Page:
Human capital, migration and rural entrepreneurship in China
AbstractPurpose – Many countries have experienced, or are experiencing, urbanization. One such example is China. Even though the large-scale rural-urban migration seems chaotic on the surface, there are certain underlying forces driving individual decisions. The purpose of this paper is to provide some understanding of the relationship between human capital, migration, and occupational choices. Design/methodology/approach – The paper starts with an overlapping generations model. Human capital plays various roles across different occupations – it does not affect the income of farmers, it affects income of workers linearly, and it has increasing returns in rural non-farm business. The paper then derives income profiles for individuals with heterogeneous human capital, and finds the human capital thresholds of occupations. The paper calibrates the model to China, and simulates the model to answer two questions: how does an improving human capital distribution affect rural wages, quantities of migrants and return migrants? How does a fast-growing urban wage rate affect rural wages, quantities of migrants and return migrants? Findings – First, depending on the initial human capital level, policies aiming to enhance human capital may have different impacts on migration. If the initial human capital level is low, these policies will yield more permanent migrants; on the contrary, if the initial human capital is at a relatively high level, then a shrinking permanent migrant class with a growing entrepreneur class can be expected. This results in an inverted U-shaped relation between the initial human capital level and the size of the permanent migrant class. Second, even though the non-farm business of return migrants helps raise rural wages, the income inequality between rural and urban areas is not eliminated and migration is persistent. Third, borrowing constraints limit the size of rural non-farm businesses and slow down the development of rural industry. The fourth and final point is that, migration costs discourage labor mobility and reduce the quantities of both permanent migrants and entrepreneurs. Originality/value – This is an original paper on this subject. JEL Classification: J24, J62, O15, O18, L26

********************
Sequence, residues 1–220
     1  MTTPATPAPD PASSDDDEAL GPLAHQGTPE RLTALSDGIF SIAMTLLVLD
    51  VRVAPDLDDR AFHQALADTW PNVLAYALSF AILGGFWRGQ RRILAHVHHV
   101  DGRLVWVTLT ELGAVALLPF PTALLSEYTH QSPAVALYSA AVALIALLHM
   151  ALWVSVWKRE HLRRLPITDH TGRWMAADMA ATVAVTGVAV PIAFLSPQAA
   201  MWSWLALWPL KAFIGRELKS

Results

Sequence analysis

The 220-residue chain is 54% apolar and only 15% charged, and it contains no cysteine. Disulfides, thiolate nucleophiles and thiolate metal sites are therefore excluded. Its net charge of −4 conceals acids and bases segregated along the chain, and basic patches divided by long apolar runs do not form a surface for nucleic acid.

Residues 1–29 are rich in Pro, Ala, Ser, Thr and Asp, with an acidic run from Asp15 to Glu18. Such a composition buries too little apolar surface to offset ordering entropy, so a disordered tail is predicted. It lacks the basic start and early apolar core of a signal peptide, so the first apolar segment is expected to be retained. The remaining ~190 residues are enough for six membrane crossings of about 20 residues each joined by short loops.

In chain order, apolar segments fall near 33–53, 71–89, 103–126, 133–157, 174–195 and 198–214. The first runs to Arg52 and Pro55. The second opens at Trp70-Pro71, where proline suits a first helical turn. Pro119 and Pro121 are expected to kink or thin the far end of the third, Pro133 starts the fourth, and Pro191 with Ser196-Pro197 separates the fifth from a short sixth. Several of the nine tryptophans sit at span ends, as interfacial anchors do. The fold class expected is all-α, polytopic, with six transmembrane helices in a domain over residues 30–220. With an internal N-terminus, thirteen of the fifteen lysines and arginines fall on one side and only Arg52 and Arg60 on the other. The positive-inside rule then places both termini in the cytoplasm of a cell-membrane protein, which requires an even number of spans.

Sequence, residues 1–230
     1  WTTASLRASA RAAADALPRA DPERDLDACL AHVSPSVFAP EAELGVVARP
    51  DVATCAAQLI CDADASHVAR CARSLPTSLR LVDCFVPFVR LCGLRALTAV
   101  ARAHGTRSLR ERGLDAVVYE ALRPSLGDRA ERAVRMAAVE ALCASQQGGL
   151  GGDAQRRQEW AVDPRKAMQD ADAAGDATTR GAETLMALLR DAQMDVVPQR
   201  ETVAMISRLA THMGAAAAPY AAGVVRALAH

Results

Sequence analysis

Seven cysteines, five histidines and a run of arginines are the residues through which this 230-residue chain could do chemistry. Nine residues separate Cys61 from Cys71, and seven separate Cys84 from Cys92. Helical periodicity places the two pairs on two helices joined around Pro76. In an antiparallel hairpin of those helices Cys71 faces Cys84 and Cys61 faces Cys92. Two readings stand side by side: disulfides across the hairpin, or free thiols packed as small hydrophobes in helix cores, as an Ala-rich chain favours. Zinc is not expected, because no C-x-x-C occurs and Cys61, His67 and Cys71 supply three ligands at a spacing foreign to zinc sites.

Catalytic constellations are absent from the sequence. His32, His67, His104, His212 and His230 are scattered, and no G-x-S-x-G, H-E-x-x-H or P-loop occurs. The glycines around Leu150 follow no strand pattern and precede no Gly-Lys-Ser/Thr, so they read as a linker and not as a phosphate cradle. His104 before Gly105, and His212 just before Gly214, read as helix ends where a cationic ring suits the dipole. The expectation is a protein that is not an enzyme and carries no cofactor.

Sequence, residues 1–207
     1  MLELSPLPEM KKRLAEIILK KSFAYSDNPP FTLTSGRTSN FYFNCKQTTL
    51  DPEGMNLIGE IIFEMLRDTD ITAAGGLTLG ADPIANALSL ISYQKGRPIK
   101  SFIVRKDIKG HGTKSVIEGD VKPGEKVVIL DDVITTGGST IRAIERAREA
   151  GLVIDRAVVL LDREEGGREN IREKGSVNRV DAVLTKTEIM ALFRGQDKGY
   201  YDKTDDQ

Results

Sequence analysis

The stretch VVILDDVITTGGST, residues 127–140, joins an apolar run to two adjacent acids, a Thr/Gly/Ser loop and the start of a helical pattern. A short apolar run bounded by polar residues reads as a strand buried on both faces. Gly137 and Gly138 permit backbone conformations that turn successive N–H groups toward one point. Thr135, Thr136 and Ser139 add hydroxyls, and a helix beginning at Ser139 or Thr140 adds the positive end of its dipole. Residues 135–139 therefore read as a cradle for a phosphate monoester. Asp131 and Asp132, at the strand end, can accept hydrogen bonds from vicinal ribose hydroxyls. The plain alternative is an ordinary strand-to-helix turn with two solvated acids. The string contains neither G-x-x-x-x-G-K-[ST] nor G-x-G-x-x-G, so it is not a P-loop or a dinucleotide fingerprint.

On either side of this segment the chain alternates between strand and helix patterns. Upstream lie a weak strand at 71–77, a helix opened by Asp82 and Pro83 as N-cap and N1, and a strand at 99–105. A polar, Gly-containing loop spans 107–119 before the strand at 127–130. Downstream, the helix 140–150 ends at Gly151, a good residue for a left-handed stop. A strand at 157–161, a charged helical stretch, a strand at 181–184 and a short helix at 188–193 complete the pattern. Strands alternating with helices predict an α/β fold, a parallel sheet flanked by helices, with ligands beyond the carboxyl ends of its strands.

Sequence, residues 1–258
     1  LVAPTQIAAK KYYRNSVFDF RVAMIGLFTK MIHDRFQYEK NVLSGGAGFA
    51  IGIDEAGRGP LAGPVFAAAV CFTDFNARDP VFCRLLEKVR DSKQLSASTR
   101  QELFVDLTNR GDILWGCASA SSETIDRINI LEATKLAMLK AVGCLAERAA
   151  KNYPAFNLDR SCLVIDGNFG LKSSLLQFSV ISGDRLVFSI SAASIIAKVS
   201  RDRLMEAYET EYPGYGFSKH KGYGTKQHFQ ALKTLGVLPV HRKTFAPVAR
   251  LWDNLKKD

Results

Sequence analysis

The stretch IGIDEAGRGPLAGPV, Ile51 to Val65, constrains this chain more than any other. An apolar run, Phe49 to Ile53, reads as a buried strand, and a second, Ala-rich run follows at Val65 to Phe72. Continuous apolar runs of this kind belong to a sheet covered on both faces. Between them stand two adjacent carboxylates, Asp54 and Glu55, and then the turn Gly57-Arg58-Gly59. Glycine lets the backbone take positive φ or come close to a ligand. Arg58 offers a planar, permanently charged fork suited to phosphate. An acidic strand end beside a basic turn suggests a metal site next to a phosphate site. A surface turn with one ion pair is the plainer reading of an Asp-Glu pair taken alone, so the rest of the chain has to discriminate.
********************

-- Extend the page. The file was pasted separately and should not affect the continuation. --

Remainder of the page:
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Bibliographic InfoArticle provided by Emerald Group Publishing in its journal Indian Growth and Development Review.
Volume (Year): 4 (2011)
Issue (Month): 2 (September)
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Find related papers by JEL classification:
- J24 - Labor and Demographic Economics - - Demand and Supply of Labor - - - Human Capital; Skills; Occupational Choice; Labor Productivity
- J62 - Labor and Demographic Economics - - Mobility, Unemployment, Vacancies, and Immigrant Workers - - - Job, Occupational and Intergenerational Mobility; Promotion
- O15 - Economic Development, Technological Change, and Growth - - Economic Development - - - Economic Development: Human Resources; Human Development; Income Distribution; Migration
- O18 - Economic Development, Technological Change, and Growth - - Economic Development - - - Urban, Rural, Regional, and Transportation Analysis; Housing; Infrastructure
- L26 - Industrial Organization - - Firm Objectives, Organization, and Behavior - - - Entrepreneurship
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